Ernie Harwell

From Academic Kids

William Ernest Harwell (born January 25, 1918 in Washington, Georgia) is a former Major League Baseball announcer. For 55 years (42 of them spent announcing Detroit Tigers games), Harwell called balls, strikes, and home runs over the radio.

After graduating from Emory University, Harwell began his career as a copy editor and sportswriter for the Atlanta Constitution and as a regional correspondent for The Sporting News. In 1943, he began announcing games for the Atlanta Crackers of the Southern Association, after which he served four years in the Marines. In 1948 Harwell became the only announcer in baseball history to be traded for a player when the Brooklyn Dodgers' General Manager, Branch Rickey, traded catcher Cliff Dapper to the Crackers in exchange for breaking Harwell's broadcasting contract.

Harwell was also play-by-play man for the New York Giants in the early 1950s (calling Bobby Thomson's "Shot heard 'round the world" in the 1951 National League playoff game on national television), then for the Baltimore Orioles in the late 1950s. Early in his career he also broadcast football and golf events.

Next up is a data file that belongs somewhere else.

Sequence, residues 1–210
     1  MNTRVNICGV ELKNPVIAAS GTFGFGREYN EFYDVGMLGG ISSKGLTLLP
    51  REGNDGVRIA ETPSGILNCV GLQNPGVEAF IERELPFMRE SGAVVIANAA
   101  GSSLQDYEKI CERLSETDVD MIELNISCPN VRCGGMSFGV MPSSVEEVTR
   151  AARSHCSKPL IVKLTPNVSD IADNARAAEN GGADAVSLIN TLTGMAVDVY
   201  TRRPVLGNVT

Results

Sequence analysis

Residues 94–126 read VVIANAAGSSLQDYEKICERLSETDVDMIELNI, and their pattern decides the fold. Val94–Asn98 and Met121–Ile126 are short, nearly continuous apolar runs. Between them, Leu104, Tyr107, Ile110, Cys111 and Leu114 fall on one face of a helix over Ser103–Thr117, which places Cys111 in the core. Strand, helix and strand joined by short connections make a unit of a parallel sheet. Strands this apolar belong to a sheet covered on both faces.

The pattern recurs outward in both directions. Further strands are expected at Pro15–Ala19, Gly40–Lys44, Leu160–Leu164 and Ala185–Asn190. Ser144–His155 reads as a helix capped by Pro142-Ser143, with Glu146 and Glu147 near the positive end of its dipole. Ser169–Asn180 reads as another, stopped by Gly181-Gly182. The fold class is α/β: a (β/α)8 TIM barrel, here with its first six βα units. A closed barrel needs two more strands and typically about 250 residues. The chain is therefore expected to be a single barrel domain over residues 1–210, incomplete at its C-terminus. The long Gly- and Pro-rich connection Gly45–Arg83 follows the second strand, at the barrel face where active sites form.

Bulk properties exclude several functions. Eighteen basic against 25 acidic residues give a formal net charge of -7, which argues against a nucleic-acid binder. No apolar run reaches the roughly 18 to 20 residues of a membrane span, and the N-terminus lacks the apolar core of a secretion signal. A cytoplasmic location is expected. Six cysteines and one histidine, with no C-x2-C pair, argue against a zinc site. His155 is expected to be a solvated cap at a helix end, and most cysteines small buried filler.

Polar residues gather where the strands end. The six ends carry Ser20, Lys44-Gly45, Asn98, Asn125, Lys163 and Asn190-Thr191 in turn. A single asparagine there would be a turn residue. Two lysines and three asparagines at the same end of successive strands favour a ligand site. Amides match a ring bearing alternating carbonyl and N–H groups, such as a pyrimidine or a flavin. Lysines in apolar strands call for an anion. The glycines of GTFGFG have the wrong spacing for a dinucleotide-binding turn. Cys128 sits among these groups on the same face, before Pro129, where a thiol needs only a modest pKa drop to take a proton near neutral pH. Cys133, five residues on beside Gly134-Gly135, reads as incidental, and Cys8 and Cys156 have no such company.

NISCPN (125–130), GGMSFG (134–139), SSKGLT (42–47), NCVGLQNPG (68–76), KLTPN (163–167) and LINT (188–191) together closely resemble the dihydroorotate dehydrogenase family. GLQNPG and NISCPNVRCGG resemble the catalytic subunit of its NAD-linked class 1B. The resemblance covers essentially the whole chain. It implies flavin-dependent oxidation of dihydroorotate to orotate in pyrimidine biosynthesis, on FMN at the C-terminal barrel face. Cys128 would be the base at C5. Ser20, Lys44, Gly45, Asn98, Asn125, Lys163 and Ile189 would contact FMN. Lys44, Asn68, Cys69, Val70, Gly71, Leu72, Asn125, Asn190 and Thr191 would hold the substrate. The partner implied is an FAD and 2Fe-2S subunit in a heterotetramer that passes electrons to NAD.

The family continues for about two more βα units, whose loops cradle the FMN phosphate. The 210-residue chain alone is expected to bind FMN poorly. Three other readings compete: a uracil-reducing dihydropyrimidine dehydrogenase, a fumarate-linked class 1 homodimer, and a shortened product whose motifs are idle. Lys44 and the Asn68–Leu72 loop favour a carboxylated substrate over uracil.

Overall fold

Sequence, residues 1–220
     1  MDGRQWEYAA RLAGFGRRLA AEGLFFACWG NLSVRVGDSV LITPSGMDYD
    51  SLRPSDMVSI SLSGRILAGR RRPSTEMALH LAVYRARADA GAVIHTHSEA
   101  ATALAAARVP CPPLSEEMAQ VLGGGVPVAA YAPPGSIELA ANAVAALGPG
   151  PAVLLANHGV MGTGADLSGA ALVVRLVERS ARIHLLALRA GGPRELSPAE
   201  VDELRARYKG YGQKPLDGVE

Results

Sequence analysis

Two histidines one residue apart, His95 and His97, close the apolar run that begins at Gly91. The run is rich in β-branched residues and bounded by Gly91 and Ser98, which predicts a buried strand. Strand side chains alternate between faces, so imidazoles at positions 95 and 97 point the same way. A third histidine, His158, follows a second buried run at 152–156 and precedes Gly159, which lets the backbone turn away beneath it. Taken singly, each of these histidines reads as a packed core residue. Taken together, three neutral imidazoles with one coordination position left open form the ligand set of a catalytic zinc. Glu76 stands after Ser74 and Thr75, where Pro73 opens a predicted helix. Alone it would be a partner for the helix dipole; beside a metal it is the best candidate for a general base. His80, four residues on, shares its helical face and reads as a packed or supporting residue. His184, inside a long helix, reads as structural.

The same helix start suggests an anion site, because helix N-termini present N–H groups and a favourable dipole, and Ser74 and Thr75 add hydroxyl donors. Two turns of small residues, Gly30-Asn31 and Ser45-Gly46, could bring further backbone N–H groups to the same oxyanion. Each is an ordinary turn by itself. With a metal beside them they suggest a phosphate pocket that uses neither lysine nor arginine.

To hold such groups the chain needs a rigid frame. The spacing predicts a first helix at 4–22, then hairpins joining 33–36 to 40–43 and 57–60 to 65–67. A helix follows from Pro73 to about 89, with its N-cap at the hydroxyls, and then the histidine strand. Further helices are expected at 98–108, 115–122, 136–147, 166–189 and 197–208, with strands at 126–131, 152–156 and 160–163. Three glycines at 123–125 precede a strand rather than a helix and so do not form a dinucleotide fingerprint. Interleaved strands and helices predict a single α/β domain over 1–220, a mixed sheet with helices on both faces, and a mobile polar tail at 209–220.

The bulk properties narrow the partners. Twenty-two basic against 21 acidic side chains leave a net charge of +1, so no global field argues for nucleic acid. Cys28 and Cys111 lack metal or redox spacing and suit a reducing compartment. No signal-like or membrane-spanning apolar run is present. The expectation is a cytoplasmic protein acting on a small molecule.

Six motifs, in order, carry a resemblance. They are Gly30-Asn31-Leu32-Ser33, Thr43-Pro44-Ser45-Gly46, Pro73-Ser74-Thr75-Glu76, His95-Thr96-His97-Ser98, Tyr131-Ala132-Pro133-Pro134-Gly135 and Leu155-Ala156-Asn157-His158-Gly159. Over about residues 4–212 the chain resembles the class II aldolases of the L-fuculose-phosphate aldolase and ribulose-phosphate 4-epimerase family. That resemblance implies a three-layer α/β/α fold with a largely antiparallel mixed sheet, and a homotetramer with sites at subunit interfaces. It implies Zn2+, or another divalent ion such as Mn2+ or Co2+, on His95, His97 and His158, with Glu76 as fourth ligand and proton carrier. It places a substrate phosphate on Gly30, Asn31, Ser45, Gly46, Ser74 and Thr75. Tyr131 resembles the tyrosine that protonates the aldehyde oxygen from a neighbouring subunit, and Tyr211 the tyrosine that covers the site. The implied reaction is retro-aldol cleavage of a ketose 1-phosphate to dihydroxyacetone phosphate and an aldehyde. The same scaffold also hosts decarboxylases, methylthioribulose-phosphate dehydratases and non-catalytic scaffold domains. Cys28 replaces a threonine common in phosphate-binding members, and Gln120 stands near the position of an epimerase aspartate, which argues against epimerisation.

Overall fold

In 1960 Harwell became the "voice" of the Tigers, replacing veteran broadcaster Van Patrick. He was known for his low key delivery, southern accent, and conversational style, which included:

  • Pausing periodically with the game action, allowing listeners to hear the sounds of the stadium
  • Frequently referring to the location of Tiger Stadium -- the corner of Michigan and Trumbull
  • Following up foul balls into the crowd with, "That one was caught by a fan from (insert name of local city or town)."
  • Exclaiming on a called third strike, "He stood there like the house by the side of the road and watched it go by."
  • Saying straight strikes were "right down Woodward," Detroit's main street
  • Describing a home run, "That ball is looooong gone!"

In a controversial move, Harwell's contract was "non-renewed" by the Tigers and then-flagship station WJR in 1991, but a popular outcry led to his partial reinstatement on the team's television broadcasts the following year; he resumed full-time radio duties with the team from 1999 to 2002. Harwell also did numerous regular-season and postseason broadcasts for the national CBS radio network from the 1970s to the 1990s.

Harwell was elected to the National Sportscasters Hall of Fame in 1989, the Michigan Sports Hall of Fame in 1989, and the Radio Hall of Fame in 1998, and was honored by the Baseball Hall of Fame in 1981 as only the fifth broadcaster to receive its Ford C. Frick Award, among many other honors.

In 2004, the Detroit Public Library dedicated a room to Ernie and his wife, Lulu, which will house Harwell's collection of baseball memorabilia valued at over two million dollars.

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